People are finally fed up with her “Hot n Cold” attitude.
Katy Perry has become the inspiration for a brand new piece of housing legislation called the “Katy PERRY Act,” which would mitigate “the risks of elder financial abuse, especially as it relates to property and real estate sales and transfers.”
“The Act establishes a 72-hour cool-down period during which either party involved in a contract for conveyance of a personal residence, in which one party is over the age of 75, can rescind the agreement without penalty,” reads the bill’s website.
While Perry, 38, was not mentioned directly anywhere else on the site, the piece of legislature has since gained popularity as the singer has made headlines amid her ongoing court battle with Carl Westcott over a California mansion.
According to the Protecting Elder Realty for Retirement Years (PERRY) Act, elder fraud or financial elder abuse “is a rampant issue in the United States” adding that “the prevalence of online fraud targeting seniors increased by 400% in recent years.”
The bill, which has yet to be fully adopted into law, has received bipartisan support from some US officials.
The Post reached out to Perry and Bloom for comment.
Several X (formerly Twitter) users have taken to poking fun at the “Teenage Dream” vocalist.
“Queen of pop and legislation,” one X user wrote.
“Imagine getting an elder abuse bill named after you,” chided a second person.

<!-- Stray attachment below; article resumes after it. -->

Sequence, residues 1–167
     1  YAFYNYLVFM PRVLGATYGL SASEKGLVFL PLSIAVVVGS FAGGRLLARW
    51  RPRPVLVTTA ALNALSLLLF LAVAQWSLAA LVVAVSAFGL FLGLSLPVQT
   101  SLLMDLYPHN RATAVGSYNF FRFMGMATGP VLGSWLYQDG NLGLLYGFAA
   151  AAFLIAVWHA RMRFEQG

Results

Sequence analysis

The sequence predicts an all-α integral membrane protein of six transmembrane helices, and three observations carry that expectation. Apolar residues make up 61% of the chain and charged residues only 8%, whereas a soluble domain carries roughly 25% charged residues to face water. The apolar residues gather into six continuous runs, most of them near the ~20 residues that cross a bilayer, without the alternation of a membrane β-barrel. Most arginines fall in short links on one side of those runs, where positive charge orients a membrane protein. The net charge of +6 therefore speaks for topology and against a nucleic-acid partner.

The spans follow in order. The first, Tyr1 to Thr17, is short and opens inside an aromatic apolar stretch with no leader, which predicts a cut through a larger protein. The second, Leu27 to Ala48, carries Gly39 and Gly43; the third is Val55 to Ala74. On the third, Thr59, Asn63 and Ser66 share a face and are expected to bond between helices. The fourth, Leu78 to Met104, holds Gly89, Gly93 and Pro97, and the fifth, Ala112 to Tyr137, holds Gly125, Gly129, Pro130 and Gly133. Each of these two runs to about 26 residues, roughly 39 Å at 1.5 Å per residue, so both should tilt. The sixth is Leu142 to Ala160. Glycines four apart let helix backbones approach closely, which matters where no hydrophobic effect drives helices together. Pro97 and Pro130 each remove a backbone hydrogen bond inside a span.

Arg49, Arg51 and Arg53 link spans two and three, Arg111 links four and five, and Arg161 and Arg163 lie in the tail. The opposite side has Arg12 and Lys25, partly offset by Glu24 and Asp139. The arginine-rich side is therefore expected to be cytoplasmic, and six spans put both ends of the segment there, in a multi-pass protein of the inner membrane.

“Not them literally calling Katy Perry the terror of elderly people,” roared a third commenter.
Army vet Carl Westcott, 83, claimed that Perry and her fiancé Orlando Bloom made him sell the house when he “lacked the mental capacity to understand the nature and probable consequences of the contract” due to a medical procedure.
According to court documents obtained by The Post, Wescott purchased the home that May 29 with the intent to live in there “for the rest of his life.”
Westcott claimed that due to his age, poor health from Huntington’s disease (a deadly brain disorder), and “a major six-hour surgery less than a week before the proposed contract,” it had “seriously impaired [his] mental faculties to the point he was of unsound mind and not competent to give his free, voluntary, or intelligent consent to the contract.”
The Los Angeles County Superior Court later agreed with Wescott claiming that “the multiple opiate medications, which were a synthetic form of morphine, disoriented and intoxicated [Westcott].”
According to the court, the mix of drugs deprived ” him of reason and understanding with respect to the terms and consequences of the contract, and seriously impaired [Westcott’s] mental faculties to the point he was of unsound mind and not competent to give his free, voluntary, or intelligent consent to the contract.”
The court later added that the contract he had agreed on with both Perry and Bloom was to be “void or voidable.”
Perry’s recent legal trouble also bears a striking resemblance to when she tried to evict several aging nuns from a property she purchased.
In 2015, the vocalist sued the Sisters of the Immaculate Heart of Mary in the Los Angeles neighborhood of Los Feliz after they failed to move out of the medieval Spanish-Gothic-Tudor estate that was sold to Perry, who ultimately won the case in 2016.
The feud ended in 2018, when Sister Catherine Rose Holzman — who was among the nuns battling Perry and the archdiocese — died in court.
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